Grote said the kids used various computer programs to create 3D models and put them into a VR game.
This year, Grote’s students created a roll-a-ball game and a VR hotdog shop.
Connor Moores, 17, Arcanum Butler High School student, was part of the group to create a VR game. Through trials, errors and various programs, he said their VR pizza stand became a hotdog stand.
Initially, Moores didn’t think the project would take much time, but he quickly realized it was a building process.
Moores said there were times he didn’t understand why something wasn’t working.
“But then I’d find out the problem was pretty simple … and it felt nice solving the problem easily,” Moores added.
He also said it was gratifying to see the steps and all the work that went into the project, especially when he saw other students playing the VR game at the speedway.
“Seeing people find different ways to do what we actually meant for the game to do is nice,” Moores said.
“Sometimes when [the students are] doing a project in class, [they] don’t really see the importance of it outside of [the classroom]Grote said. “So having events like this one where you are not really judged on what you do, but you have an opportunity to showcase what you’ve done — and then really see what other schools have done — it really shows them that it’s worthwhile.”
With AFRL staff on site, they were able to interact with the students and show them similar projects the Air Force created.
“Having the Air Force Research Lab here really shows the kids that there is a career path that they could do,” Grote said.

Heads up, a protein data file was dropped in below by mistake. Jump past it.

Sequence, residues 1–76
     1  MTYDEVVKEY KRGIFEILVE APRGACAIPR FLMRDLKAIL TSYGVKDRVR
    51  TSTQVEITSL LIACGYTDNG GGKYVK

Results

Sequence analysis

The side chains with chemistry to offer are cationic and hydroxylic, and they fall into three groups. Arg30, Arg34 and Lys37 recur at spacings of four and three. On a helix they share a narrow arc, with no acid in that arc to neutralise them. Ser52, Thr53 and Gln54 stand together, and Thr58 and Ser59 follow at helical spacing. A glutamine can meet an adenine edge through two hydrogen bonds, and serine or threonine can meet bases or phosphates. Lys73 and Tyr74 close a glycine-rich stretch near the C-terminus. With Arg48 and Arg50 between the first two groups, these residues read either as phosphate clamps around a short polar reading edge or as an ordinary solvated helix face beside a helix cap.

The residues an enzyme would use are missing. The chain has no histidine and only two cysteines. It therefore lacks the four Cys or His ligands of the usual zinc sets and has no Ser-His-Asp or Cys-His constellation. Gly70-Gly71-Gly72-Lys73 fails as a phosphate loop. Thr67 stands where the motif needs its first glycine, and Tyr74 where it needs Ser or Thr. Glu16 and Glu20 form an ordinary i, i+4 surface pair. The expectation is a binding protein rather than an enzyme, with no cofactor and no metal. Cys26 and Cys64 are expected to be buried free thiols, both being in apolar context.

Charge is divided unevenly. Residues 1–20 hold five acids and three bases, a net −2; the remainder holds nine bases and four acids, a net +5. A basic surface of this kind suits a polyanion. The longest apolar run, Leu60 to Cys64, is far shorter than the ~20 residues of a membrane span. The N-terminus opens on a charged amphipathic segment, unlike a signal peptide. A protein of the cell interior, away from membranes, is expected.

Grote said a career in a STEM field can be trying at times and it is important to continuously try.
“You’re going to have to try and try again, and keep going and push through and persevere,” Grote added. “And they finally see the results when they come here and show that every time they failed and they finally fixed something, that it’s really worthwhile it in the end.”
With a heavy emphasis on STEM for workforce development, Bennett said it is important that AFRL is part of the process that gets the kids excited about STEM.
“You just never know what … happens today is going to do to spark somebody to go after a STEM career field in the future,” Bennett said. “And if we just get one spark in a day, that’s a big deal. Usually, we start a small fire and that is really good.”
For students thinking of careers in STEM, Bennett suggested they visit the GRILL for a summer or sign up for the Wright Scholar Research Assistant Program which allows high school students to work with the Air Force and further their interest in a STEM career field. More information can be found at the fact sheet for the program.
“Thanks to everyone for the opportunity to do this … we can’t do this without AFRL, we can’t do it without the community’s involvement either,” Bennett said. “It takes a village to do this kind of stuff and I’m happy we’re a part of this one.”
Schools in attendance included: Northmont City Schools, Arcanum Butler High School, Tri-County North, St. Henry High School, National Train High School, Coldwater High School, Franklin Monroe High School, Versailles High School, Eaton High School, Valley View Junior High School, Oakwood High School and Dayton Regional STEM School.
The Air Force Research Laboratory (AFRL) is the primary scientific research and development center for the Department of the Air Force. AFRL plays an integral role in leading the discovery, development, and integration of affordable warfighting technologies for our air, space, and cyberspace force. With a workforce of more than 11,500 across nine technology areas and 40 other operations across the globe, AFRL provides a diverse portfolio of science and technology ranging from fundamental to advanced research and technology development. For more information, visit: www.afresearchlab.com.